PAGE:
Genesis Invitational

Riviera Country Club


Jet Setter

By Dave Kindred Photos by Getty Images
June 12, 2013

Mickelson's lone bogey of the day came on his first hole.

ARDMORE, Pa. -- At 5:38 a.m. Thursday, Phil Mickelson began the most unusual workday of anyone's golf career, excepting, perhaps, one of those Walter Hagen mornings after a long, liquid night when the bon vivant Haig arrived by limousine and changed into his golf shoes while disembarking at the first tee.

Mickelson had arrived by private jet after a transcontinental journey from his home in Rancho Sante Fe, California, to Merion Golf Club in the leafy suburbs of Philadelphia. As he walked onto Merion's practice range to warm up for his first round in this U.S. Open, Mickelson carried a bag of balls in his left hand. On his face, that perpetual boyish smile suggested a certain contentment.

The night before, he had attended his daughter Amanda's eighth-grade graduation ceremony.

Wait. What? Isn't this the guy who's borderline obsessive about the Open? Five times a second-place finisher, Mickelson is at age 42 on track to be the Sam Snead of his generation, a great player with multiple major championships who never wins an Open.

And yet he gets on a plane at 8 p.m. California time, flies almost five hours and 3,000 miles, sleeps a couple hours en route, catches another hour on the ground, maybe splashes wake-up water into his eyes, and tees it up in an Open at 7:11 a.m. Merion time -- which, on his bewildered body clock, is 4:11 a.m.

Then shoots 67.

Leads the Open.

You may remember Amanda. More likely, you remember the 1999 U.S. Open. You remember Mickelson wearing a beeper. He insisted that the beeper would sound during play if his wife, Amy, went into labor with their first child. At that moment, he would leave the course. He carried the beeper with him every day, even in the Sunday heat of competition with Payne Stewart, who won that Open and, even in celebration, shouted into Mickelson's ear that he, too, would win by becoming a father. The beeper baby was born the next day. Amanda.

So, four days short of 14 years later, Amanda graduates from The Rhoades School, and the ceremony comes the night before Dad is to tee off in another Open. Oh, yes, Phil Mickelson wants an Open championship. His career would be fine without it; five seconds in the Open are good, along with the four majors he has won. But still. To come so close, to be good enough and yet not win the one he wants most -- "It would be a bit heartbreaking," he said in the hour after his Thursday round.

It wasn't that Amanda asked him to stay home; she said she'd be fine with him leaving. In making his decision to fly overnight, Mickelson found good golf reasons for delaying his departure: 1) He didn't need any more work at Merion; two weeks earlier, he'd put in two long days here and he knew how he wanted to play the course. 2) At every major, he tries to play off-site on Wednesday for a break from the pressure and anxiety. 3) He could review his notes in the solitude of a plane ride and, as he put it, "re-live the course." And 4) he could do his final prep work in the California sun rather than the East Coast gloom.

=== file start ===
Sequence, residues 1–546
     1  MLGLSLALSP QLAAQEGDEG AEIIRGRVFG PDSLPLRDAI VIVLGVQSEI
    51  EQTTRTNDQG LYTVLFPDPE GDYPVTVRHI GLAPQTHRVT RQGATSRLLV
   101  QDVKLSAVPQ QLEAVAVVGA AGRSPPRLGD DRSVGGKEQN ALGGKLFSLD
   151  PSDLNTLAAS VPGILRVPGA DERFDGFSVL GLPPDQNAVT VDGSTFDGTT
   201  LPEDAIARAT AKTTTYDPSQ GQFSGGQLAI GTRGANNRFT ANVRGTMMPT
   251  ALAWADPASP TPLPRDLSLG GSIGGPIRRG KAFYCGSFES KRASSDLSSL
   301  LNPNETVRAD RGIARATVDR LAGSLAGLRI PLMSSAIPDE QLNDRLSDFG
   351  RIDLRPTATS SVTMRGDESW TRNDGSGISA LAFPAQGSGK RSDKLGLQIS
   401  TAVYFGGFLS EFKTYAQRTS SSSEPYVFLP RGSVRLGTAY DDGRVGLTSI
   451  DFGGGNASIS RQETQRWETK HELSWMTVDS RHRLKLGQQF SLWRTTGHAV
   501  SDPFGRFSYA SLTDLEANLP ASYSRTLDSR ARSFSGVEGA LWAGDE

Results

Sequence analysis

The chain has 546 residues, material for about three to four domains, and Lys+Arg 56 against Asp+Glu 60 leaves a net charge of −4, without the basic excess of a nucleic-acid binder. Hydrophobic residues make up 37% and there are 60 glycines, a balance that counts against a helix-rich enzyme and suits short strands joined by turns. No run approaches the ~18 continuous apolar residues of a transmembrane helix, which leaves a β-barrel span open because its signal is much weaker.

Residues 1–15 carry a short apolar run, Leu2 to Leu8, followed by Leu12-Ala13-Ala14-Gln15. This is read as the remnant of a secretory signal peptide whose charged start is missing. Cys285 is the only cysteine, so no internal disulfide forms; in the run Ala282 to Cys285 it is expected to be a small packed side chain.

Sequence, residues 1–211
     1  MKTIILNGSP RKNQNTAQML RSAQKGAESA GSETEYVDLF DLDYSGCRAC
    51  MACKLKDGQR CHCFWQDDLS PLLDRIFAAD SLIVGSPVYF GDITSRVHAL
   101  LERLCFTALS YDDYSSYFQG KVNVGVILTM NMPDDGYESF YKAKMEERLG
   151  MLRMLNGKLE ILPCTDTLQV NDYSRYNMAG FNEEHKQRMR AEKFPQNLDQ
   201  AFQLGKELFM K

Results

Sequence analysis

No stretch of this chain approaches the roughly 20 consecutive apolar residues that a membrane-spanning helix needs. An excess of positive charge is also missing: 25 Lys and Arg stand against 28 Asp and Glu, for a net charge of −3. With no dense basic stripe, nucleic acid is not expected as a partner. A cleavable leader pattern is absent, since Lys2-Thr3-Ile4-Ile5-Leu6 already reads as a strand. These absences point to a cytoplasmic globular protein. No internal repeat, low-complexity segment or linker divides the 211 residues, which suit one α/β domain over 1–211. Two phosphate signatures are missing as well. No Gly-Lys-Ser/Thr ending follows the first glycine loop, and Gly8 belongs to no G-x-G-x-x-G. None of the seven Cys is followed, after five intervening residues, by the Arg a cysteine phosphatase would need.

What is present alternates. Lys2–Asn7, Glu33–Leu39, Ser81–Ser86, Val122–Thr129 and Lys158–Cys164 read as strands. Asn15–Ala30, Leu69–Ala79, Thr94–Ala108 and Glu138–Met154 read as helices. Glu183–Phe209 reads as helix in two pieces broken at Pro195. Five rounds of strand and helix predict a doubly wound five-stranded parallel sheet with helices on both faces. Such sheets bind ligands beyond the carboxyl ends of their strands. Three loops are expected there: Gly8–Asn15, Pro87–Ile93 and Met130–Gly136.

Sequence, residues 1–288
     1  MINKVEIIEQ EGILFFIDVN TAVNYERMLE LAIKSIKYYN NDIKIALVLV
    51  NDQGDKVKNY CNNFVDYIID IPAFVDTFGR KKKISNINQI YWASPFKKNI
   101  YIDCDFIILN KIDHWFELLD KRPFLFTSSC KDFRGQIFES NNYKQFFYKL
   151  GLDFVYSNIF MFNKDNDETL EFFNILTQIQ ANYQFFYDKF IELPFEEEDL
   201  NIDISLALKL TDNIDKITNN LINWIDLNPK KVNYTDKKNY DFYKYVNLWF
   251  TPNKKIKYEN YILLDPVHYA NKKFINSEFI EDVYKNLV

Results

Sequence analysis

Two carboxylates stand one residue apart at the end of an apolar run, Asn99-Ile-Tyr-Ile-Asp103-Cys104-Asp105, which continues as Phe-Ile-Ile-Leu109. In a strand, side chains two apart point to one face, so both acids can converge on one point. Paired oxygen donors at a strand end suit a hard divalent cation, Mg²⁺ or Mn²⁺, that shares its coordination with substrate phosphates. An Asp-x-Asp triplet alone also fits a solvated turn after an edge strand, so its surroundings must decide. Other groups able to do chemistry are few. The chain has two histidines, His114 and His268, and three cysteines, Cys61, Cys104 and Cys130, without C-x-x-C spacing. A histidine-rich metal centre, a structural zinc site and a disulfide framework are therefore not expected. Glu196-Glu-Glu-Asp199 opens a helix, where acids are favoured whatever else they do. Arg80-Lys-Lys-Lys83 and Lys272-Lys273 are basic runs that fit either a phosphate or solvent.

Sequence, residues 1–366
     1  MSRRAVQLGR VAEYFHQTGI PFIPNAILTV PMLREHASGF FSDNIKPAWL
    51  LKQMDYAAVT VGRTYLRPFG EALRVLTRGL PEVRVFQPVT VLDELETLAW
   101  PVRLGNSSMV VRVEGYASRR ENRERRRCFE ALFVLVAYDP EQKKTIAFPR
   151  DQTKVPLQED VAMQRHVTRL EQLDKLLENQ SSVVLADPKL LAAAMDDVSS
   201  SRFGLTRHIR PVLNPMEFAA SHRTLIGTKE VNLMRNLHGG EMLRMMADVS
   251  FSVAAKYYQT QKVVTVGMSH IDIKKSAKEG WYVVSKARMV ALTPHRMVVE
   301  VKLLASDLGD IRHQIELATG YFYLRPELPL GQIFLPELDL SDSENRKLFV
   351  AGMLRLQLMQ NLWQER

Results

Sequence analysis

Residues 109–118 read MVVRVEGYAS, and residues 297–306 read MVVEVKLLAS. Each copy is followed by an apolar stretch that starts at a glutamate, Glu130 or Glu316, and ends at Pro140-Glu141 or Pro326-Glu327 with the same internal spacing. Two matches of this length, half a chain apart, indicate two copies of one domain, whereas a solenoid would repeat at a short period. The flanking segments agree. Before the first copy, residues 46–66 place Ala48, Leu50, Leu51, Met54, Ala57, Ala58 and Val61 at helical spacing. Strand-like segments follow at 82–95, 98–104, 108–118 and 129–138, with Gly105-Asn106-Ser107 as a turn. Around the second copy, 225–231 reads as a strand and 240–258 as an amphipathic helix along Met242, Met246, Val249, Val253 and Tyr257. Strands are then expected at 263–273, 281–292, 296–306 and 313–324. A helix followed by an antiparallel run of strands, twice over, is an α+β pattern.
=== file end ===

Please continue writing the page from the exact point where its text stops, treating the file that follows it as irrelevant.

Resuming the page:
But the best reason for staying was the father's reason: "I wanted to be there." Amanda is not a golfer. She's a paleontologist. As a child, she picked at dirt in the cliffsides alongside the Pacific Ocean shore near San Diego. She found fossils that attracted the attention of San Diego's famous Museum of Natural History. The museum folks said she'd found stuff their own people hadn't; they invited her to a summer paleontology camp usually accepting only 16-to-18-year olds -- she had just turned 13.

Before that, on a plane ride, she had fallen into conversation with T.R. Reinman, once a San Diego Union-Tribune golf writer who had become her father's publicist. "I'm no physicist," the old sportswriter told me today (unnecessarily). "So when I asked Amanda how all these exploding pieces of rock came to be planets, she said, 'Well, you know they all have molten cores." (Reinman said he nodded, as if he knew this all along.) "Those cores give the pieces a force of gravity. That force pulls everything together. The bigger an object is, the stronger its gravitational pull is, and everything is pulled toward the center. Eventually, that gravitational force results in a perfect sphere.'" Reinman says she was 11 years old then.

At The Rhoades graduation, Amanda was one of four speakers.

"I was really proud of her," Mickelson said. "She even quoted Ron Burgundy." We all have quoted Ron Burgundy, the feckless, hapless, clueless San Diego anchorman/buffoon played in the movies by Will Ferrell. But Amanda, the paleontologist, turned the anchorman's catchphrase to her own good use in talking about her classmates. One buddy had found a measure of relief for people suffering carpal tunnel syndrome. Another had achieved a patent on a machine.

"In the words of Ron Burgundy," she said, laughing, '''We're kind of a big deal.'"

So's Dad.